GBR Mandelson, Peter Chairman, Global Counsel LLP
USA McAfee, Andrew Principal Research Scientist, Massachusetts Institute of Technology
PRT Medeiros, Inês de Member of Parliament, Socialist Party
GBR Micklethwait, John Editor-in-Chief, The Economist
GRC Mitsotaki, Alexandra Chair, ActionAid Hellas
ITA Monti, Mario Senator-for-life; President, Bocconi University
USA Mundie, Craig J. Senior Advisor to the CEO, Microsoft Corporation
CAN Munroe-Blum, Heather Professor of Medicine and Principal (President) Emerita, McGill University
USA Murray, Charles A. W.H. Brady Scholar, American Enterprise Institute for Public Policy Research
NLD Netherlands, H.R.H. Princess Beatrix of the
ESP Nin Génova, Juan María Deputy Chairman and CEO, CaixaBank
FRA Nougayrède, Natalie Director and Executive Editor, Le Monde
DNK Olesen, Søren-Peter Professor; Member of the Board of Directors, The Carlsberg Foundation
FIN Ollila, Jorma Chairman, Royal Dutch Shell, plc; Chairman, Outokumpu Plc
TUR Oran, Umut Deputy Chairman, Republican People’s Party (CHP)
GBR Osborne, George Chancellor of the Exchequer
FRA Pellerin, Fleur State Secretary for Foreign Trade
USA Perle, Richard N. Resident Fellow, American Enterprise Institute
USA Petraeus, David H. Chairman, KKR Global Institute
CAN Poloz, Stephen S. Governor, Bank of Canada
INT Rasmussen, Anders Fogh Secretary General, NATO
DNK Rasmussen, Jørgen Huno Chairman of the Board of Trustees, The Lundbeck Foundation
INT Reding, Viviane Vice President and Commissioner for Justice, Fundamental Rights and Citizenship, European Commission
USA Reed, Kasim Mayor of Atlanta
CAN Reisman, Heather M. Chair and CEO, Indigo Books & Music Inc.
NOR Reiten, Eivind Chairman, Klaveness Marine Holding AS
DEU Röttgen, Norbert Chairman, Foreign Affairs Committee, German Bundestag
USA Rubin, Robert E. Co-Chair, Council on Foreign Relations; Former Secretary of the Treasury
USA Rumer, Eugene Senior Associate and Director, Russia and Eurasia Program, Carnegie Endowment for International Peace
NOR Rynning-Tønnesen, Christian President and CEO, Statkraft AS
NLD Samsom, Diederik M. Parliamentary Leader PvdA (Labour Party)
GBR Sawers, John Chief, Secret Intelligence Service
NLD Scheffer, Paul J. Author; Professor of European Studies, Tilburg University
NLD Schippers, Edith Minister of Health, Welfare and Sport
USA Schmidt, Eric E. Executive Chairman, Google Inc.
AUT Scholten, Rudolf CEO, Oesterreichische Kontrollbank AG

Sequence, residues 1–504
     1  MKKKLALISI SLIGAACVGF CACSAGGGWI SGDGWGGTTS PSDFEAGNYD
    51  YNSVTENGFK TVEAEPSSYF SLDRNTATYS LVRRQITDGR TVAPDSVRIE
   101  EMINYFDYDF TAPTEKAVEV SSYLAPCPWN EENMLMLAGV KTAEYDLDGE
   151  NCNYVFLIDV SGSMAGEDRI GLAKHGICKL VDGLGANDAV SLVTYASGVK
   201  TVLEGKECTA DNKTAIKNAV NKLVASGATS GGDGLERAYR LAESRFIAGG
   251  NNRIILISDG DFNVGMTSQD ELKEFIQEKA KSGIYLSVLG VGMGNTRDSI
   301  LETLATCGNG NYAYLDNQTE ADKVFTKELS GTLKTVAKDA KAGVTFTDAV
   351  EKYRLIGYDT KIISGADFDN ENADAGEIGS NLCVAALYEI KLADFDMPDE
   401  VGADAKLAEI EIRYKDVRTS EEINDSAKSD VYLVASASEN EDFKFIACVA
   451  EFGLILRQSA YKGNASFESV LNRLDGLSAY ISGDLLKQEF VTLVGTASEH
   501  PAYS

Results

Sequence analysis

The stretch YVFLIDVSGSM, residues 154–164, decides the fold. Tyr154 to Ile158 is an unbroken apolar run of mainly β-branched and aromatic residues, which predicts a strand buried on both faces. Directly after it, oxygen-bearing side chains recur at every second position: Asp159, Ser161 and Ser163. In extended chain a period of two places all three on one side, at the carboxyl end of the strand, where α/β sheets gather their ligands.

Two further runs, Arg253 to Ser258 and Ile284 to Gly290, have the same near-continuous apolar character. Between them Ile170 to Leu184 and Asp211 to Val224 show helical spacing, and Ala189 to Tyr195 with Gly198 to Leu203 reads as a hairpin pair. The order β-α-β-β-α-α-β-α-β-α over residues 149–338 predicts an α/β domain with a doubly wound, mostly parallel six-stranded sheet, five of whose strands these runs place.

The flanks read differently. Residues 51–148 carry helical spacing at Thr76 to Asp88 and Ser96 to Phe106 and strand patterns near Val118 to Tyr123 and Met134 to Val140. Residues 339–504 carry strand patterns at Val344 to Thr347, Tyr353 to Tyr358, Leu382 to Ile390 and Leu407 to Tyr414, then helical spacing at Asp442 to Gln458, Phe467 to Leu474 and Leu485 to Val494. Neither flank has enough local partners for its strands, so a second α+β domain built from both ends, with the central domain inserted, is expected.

USA Shih, Clara CEO and Founder, Hearsay Social
FIN Siilasmaa, Risto K. Chairman of the Board of Directors and Interim CEO, Nokia Corporation
ESP Spain, H.M. the Queen of
USA Spence, A. Michael Professor of Economics, New York University
FIN Stadigh, Kari President and CEO, Sampo plc
USA Summers, Lawrence H. Charles W. Eliot University Professor, Harvard University
IRL Sutherland, Peter D. Chairman, Goldman Sachs International; UN Special Representative for Migration
SWE Svanberg, Carl-Henric Chairman, Volvo AB and BP plc
TUR Taftalı, A. Ümit Member of the Board, Suna and Inan Kiraç Foundation
USA Thiel, Peter A. President, Thiel Capital
DNK Topsøe, Henrik Chairman, Haldor Topsøe A/S
GRC Tsoukalis, Loukas President, Hellenic Foundation for European and Foreign Policy
NOR Ulltveit-Moe, Jens Founder and CEO, Umoe AS
INT Üzümcü, Ahmet Director-General, Organisation for the Prohibition of Chemical Weapons
CHE Vasella, Daniel L. Honorary Chairman, Novartis International
FIN Wahlroos, Björn Chairman, Sampo plc
SWE Wallenberg, Jacob Chairman, Investor AB
SWE Wallenberg, Marcus Chairman of the Board of Directors, Skandinaviska Enskilda Banken AB
USA Warsh, Kevin M. Distinguished Visiting Fellow and Lecturer, Stanford University
GBR Wolf, Martin H. Chief Economics Commentator, The Financial Times
USA Wolfensohn, James D. Chairman and CEO, Wolfensohn and Company
NLD Zalm, Gerrit Chairman of the Managing Board, ABN-AMRO Bank N.V.
GRC Zanias, George Chairman of the Board, National Bank of Greece
USA Zoellick, Robert B. Chairman, Board of International Advisors, The Goldman Sachs Group


And here’s the agenda of what they were apparently going to discuss:


  • The key topics for discussion this year include:
  • Is the economic recovery sustainable?
  • Who will pay for the demographics?
  • Does privacy exist?